Gavel Block for a Mason

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Project by DaveTPilot posted 10-04-2014 08:21 PM 1290 views 0 times favorited 2 comments Add to Favorites Watch

Hi Guys,

I was asked by my mother-in-law to make a gavel block for my father-in-law. He is becoming Master of the Lodge and was already given a gavel for another honor.

She said to just grab a block of scrap wood and throw something together real quick. Nothing fancy, just something with a side to which she could possibly add a name plate.

She knows me better than that after 12 years of marriage to her daughter. I hope she and he like it.

Wood: Jatoba (A small square block I bought years ago from the “scrap bin” at Woodcraft. I knew I’d use it one day.)

Process: I used a circle cutter on my drill press to mark the outside diameter and to give me a line to work up to with my plunge router. I just free-handed it. That always makes me nervous but since I was doing the recess first, a screw up would be easy to start over.

After cutting the circular recess, I squared the block making the circle dead center. Then I cut the legs by making several passes over the table saw with my dado stack installed. Leaving the fence in the same spot and starting with a square block, the legs are all the same size. I beveled the edges with the router table. I then cut the grooves at the top of the legs to give them some definition using a v-groove bit on the router table.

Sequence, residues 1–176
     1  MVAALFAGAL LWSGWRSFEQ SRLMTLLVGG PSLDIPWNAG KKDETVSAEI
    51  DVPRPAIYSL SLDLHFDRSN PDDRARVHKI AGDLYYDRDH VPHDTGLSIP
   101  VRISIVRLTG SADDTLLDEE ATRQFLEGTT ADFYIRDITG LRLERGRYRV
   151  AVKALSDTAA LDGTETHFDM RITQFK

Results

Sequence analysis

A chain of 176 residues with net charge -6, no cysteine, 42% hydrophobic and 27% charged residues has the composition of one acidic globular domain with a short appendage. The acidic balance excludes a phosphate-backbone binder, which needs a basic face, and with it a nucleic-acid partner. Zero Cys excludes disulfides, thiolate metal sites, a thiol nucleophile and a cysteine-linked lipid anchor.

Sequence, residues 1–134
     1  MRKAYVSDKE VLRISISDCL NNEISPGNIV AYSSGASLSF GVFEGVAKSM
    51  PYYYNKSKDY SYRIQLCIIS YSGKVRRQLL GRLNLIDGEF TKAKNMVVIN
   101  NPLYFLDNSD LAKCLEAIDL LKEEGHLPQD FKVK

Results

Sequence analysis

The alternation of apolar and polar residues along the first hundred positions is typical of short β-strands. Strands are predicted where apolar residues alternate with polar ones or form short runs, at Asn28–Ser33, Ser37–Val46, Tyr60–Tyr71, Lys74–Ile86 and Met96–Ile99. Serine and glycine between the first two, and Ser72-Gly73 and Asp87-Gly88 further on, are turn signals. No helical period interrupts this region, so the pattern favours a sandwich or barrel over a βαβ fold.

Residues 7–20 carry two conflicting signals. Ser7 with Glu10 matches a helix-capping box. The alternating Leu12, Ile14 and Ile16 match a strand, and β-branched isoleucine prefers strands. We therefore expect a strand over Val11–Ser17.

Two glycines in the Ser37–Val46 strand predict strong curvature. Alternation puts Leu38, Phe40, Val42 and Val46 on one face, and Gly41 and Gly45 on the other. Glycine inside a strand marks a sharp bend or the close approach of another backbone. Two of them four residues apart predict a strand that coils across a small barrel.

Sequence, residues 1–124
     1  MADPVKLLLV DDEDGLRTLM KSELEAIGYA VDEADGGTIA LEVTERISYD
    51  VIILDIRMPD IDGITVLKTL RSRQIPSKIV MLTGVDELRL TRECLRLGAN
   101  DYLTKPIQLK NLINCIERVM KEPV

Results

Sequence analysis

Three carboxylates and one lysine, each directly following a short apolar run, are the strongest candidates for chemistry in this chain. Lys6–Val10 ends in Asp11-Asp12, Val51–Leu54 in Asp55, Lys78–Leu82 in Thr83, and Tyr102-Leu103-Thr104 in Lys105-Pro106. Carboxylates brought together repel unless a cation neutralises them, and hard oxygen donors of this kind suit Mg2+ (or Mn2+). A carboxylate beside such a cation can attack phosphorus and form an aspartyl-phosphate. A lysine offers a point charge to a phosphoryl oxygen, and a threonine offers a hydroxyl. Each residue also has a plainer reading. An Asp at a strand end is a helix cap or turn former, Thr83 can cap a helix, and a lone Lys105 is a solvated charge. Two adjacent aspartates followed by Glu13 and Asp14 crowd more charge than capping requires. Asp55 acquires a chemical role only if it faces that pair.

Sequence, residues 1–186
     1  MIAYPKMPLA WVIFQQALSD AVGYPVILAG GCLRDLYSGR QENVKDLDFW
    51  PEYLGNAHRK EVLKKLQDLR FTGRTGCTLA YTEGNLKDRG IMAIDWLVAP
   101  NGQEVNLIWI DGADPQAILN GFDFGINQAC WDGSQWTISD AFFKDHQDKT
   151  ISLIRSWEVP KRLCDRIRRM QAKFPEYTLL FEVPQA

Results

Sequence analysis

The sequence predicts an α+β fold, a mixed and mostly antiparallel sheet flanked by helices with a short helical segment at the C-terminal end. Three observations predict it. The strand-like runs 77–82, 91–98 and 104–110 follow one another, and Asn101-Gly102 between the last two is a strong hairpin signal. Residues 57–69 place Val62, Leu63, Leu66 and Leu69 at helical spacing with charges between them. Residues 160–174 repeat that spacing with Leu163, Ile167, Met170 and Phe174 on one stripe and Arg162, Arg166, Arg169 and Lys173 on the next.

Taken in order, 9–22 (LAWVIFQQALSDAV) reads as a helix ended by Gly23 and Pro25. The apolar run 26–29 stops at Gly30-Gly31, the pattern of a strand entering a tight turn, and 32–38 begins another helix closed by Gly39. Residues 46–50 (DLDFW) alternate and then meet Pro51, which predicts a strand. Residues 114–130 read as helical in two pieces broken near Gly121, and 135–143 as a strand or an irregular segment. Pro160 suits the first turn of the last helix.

I installed the emblem with some epoxy and filled the recess with Glaze Coat so the emblem sits below the surface. I finished the rest of the block with Glaze Coat as well.

Problems: Glaze Coat can be a real pain in the A$$ to work with. Even after 2 pours, there were some major blemishes. The stuff seems to just arbitrarily decide it will not flow into a given area and leave a crater. I missed it before it dried. I don’t know how for the life of me as I studied it very closely under all kinds of lighting including natural light. I did my entire counter top at my old house an didn’t have this much trouble.

The Cure: I wet sanded the top and any drips with 180 grit then followed with 600 grit. I then tried coating it with a water based poly but it came out awful. Did not level and left streak marks from the brush. I then remembered that you are not supposed to use a brush with water based poly. D’oh! I just read that a few weeks ago too!

Back to sanding. this time only with 600 wet paper. I was out of time and left with a relatively smooth but very dull surface. Out of desperation, I grabbed my can of Clear Gloss Spray Lacquer. I had to spray outside but it was humid as all heck in SWFLA. When I sprayed it, it looked awesome for 10 seconds then clouded badly. I quickly brought it into the 76 degree A/C cooled house. It dried perfectly clear in about 5 minutes or less.

I hit it with a second coat and the same thing happened but the results were the same also. Very happy. Crisis averted. :)

-- How valuable is time to a person who spends his disparaging the beliefs of others? --David Berthelette

2 comments so far

View Joe Lyddon's profile

Joe Lyddon

10321 posts in 4253 days

#1 posted 10-05-2014 04:10 AM

Very COOL!

They will LOVE it!

-- Have Fun! Joe Lyddon - Alta Loma, CA USA - Home: ... My Small Gallery:"

View Roger's profile


20952 posts in 3005 days

#2 posted 10-05-2014 01:37 PM

Nicely done.

-- Roger from KY. Work/Play/Travel Safe. Keep your dust collector fed.

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